Australia ready to supply uranium to India as soon as possible: Malcolm Turnbull
New Delhi: Australia will start uranium exports to India as soon as possible, Australian Prime Minister Malcolm Turnbull said on Monday, referring to a a long-standing demand from Asia’s third largest economy which is looking at environment friendly fuels to power its growing economy.
Turnbull who is in India on a four- day visit made the remark in a statement delivered after talks with his host Narendra Modi.
Both the prime ministers felt that commercial export of Australian uranium could begin soon, opening up a new avenue for Australia to support India’s energy requirement.
“We’ve worked closely with India to meet our respective requirements for the provision of fuel for India’s civil nuclear programme, and we look forward to the first export of Australian uranium to India as soon as possible,” Turnbull said.
The Australian prime minister arrived in New Delhi on Sunday is on his first visit to India after taking over from Tony Abbott in September 2015. During his first year in office, Turnbull focused on improving ties with countries in the immediate neighbourhood with visits to Indonesia and major trade partner China. This is a far cry from the tempo of India-Australia ties set by Abbott, who visited India in September 2014—just months after Narendra Modi took office—and the Indian prime minister returning the visit in November 2014.
Modi and Turnbull have previously met bilaterally on the sidelines of a G20 meeting in China last year.
On Monday, the two countries signed half-a-dozen agreements including one to significantly expand counter-terrorism cooperation as Modi and Turnbull called for strong action against those financing and providing sanctuary to terror groups. The others were in the areas of health and medicine, sports, environment, climate and wildlife, civil aviation security and cooperation in space technology.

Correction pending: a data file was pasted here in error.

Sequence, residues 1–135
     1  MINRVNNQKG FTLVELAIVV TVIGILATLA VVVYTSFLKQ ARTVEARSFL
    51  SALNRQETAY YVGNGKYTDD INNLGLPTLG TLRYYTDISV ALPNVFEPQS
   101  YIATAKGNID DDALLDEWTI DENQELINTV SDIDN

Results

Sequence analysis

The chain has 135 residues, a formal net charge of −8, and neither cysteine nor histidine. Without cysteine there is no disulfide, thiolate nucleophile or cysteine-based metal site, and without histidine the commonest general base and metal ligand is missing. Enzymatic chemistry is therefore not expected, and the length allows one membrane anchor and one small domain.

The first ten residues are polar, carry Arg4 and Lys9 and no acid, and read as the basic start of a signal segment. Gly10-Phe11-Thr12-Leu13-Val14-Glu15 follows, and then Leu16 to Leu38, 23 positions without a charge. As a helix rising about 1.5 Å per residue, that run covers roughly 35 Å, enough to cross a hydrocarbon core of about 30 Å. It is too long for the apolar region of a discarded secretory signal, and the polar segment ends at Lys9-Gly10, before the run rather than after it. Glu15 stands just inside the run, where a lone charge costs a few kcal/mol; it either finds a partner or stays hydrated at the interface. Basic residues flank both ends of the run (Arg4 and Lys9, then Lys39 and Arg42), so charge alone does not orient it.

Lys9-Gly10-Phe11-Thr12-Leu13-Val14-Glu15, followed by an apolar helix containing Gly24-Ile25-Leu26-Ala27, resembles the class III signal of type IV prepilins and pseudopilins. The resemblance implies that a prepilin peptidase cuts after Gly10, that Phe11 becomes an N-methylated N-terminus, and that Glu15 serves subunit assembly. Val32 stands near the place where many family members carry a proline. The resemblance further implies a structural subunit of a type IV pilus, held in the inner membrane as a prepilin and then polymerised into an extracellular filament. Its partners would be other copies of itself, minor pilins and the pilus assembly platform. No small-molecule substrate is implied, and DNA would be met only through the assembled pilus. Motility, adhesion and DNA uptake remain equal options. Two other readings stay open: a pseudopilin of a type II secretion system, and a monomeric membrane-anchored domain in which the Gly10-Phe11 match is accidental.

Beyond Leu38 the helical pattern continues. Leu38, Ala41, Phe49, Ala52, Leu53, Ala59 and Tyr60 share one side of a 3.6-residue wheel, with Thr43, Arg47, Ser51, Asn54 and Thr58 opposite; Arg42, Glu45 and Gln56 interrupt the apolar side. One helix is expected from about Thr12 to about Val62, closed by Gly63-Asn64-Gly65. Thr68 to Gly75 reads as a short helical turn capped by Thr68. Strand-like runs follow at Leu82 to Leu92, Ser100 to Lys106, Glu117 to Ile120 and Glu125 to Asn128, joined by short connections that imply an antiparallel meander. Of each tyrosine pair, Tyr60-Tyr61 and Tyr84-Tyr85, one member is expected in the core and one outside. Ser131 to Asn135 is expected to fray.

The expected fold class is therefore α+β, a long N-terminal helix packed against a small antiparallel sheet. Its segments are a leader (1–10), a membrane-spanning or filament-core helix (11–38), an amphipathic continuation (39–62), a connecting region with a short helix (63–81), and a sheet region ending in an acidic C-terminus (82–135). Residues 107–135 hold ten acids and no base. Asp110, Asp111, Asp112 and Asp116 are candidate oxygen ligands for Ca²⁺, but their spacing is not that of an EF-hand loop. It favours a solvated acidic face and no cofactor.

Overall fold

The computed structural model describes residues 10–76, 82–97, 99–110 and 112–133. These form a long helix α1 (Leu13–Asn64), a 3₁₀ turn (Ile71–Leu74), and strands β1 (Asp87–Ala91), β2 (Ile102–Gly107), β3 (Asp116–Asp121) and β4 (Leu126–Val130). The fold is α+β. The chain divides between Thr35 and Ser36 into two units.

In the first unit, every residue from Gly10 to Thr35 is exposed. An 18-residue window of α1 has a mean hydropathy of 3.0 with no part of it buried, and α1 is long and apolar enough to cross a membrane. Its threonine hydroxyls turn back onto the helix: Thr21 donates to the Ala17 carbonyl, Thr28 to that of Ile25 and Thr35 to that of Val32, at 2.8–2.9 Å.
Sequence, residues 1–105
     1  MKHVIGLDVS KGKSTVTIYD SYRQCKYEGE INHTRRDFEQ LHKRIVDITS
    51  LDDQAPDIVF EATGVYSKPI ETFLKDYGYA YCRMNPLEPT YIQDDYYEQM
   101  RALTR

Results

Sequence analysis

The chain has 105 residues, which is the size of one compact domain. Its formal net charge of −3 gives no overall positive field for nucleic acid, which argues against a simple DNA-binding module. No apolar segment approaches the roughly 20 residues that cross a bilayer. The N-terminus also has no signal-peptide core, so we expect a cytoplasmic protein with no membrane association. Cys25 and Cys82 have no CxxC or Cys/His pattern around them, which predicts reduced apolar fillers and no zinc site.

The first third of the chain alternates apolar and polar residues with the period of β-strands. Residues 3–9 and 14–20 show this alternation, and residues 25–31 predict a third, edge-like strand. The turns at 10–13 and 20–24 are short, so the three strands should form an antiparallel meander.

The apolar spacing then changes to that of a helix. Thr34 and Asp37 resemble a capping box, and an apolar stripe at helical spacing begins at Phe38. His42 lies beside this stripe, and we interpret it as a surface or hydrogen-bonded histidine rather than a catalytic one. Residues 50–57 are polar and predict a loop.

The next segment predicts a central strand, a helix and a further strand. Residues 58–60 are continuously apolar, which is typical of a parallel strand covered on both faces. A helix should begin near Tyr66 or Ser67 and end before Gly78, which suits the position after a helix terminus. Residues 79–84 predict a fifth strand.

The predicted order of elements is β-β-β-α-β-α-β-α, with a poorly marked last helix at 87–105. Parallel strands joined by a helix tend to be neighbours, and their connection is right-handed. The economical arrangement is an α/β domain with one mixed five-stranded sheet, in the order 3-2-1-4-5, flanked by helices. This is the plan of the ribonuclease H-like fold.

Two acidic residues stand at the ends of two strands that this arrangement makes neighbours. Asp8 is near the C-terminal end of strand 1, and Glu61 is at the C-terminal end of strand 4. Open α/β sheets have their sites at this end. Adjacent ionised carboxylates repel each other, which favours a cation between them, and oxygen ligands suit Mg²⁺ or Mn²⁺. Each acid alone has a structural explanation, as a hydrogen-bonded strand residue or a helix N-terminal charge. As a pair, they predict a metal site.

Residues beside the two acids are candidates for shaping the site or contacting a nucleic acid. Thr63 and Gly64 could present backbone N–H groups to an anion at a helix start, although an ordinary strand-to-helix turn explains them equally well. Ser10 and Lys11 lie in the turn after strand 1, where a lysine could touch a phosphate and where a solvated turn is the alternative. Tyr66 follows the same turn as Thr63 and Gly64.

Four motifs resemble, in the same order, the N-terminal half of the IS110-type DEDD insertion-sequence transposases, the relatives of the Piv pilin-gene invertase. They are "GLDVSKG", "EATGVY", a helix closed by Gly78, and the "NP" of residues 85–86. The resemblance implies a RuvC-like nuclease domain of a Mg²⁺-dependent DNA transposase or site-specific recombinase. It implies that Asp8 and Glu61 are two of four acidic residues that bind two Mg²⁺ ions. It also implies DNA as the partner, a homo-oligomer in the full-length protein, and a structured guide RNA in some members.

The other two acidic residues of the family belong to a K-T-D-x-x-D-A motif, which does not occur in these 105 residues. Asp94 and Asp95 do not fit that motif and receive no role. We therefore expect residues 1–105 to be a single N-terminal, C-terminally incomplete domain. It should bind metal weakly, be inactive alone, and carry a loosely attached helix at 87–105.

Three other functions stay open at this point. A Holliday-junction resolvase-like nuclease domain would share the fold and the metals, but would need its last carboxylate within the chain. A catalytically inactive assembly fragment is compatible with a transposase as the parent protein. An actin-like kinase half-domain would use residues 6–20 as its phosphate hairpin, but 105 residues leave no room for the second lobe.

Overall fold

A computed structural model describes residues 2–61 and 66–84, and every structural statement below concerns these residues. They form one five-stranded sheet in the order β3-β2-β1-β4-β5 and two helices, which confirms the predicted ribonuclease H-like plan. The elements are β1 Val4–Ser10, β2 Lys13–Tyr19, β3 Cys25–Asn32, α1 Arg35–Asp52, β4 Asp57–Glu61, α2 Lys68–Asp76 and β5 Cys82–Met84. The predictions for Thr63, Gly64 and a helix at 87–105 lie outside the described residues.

Turnbull and Modi also directed their officials to hold an early round of negotiations on a comprehensive economic cooperation agreement (CECA), several rounds of negotiations for which have already taken place without a breakthrough.
“We took a number of forward-looking decisions to further strengthen our partnership, including the decision to soon hold the next round of negotiations on a CECA,” Modi said after talks with Turnbull.
Turnbull, on his part, did not set a date by which CECA negotiations were to be completed, but said: “I think it’s fair to say that progress has not been as fast as either of us would have liked.”
The two prime ministers have now asked negotiators on both sides to narrow their differences and list their priorities soon so that talks on it could move forward. Sticking points include India’s reluctance to open up the agriculture sector to Australian imports and high Indian tariffs on imported wines and spirits.
During their talks, the two leaders decided to expand their ties in several key areas including defence, trade, energy and education.
On cooperation in the maritime space, a joint statement issued by the two countries recognised the importance of freedom of navigation and overflight, unimpeded lawful commerce, as well as resolving maritime disputes by peaceful means, in accordance with international law. This is seen as a reference to China’s growing assertiveness in South China Sea.
Modi and Turnbull also welcomed “continued and deepened” trilateral cooperation and dialogue among Australia, India and Japan. In the talks, Turnbull pointed to Australia’s strong support for India’s membership of the Nuclear Suppliers Group. He also said Australia supports India’s entry into the Australia Group and the Wassenaar Arrangement, two key export control groups.
On terrorism, Modi and Turnbull “emphasised the need for urgent measures to counter and prevent the spread of terrorism and violent extremism and radicalisation and expressed their determination to take concrete measures to step up cooperation and coordination among the law enforcement, intelligence and security organisations,” the joint statement said.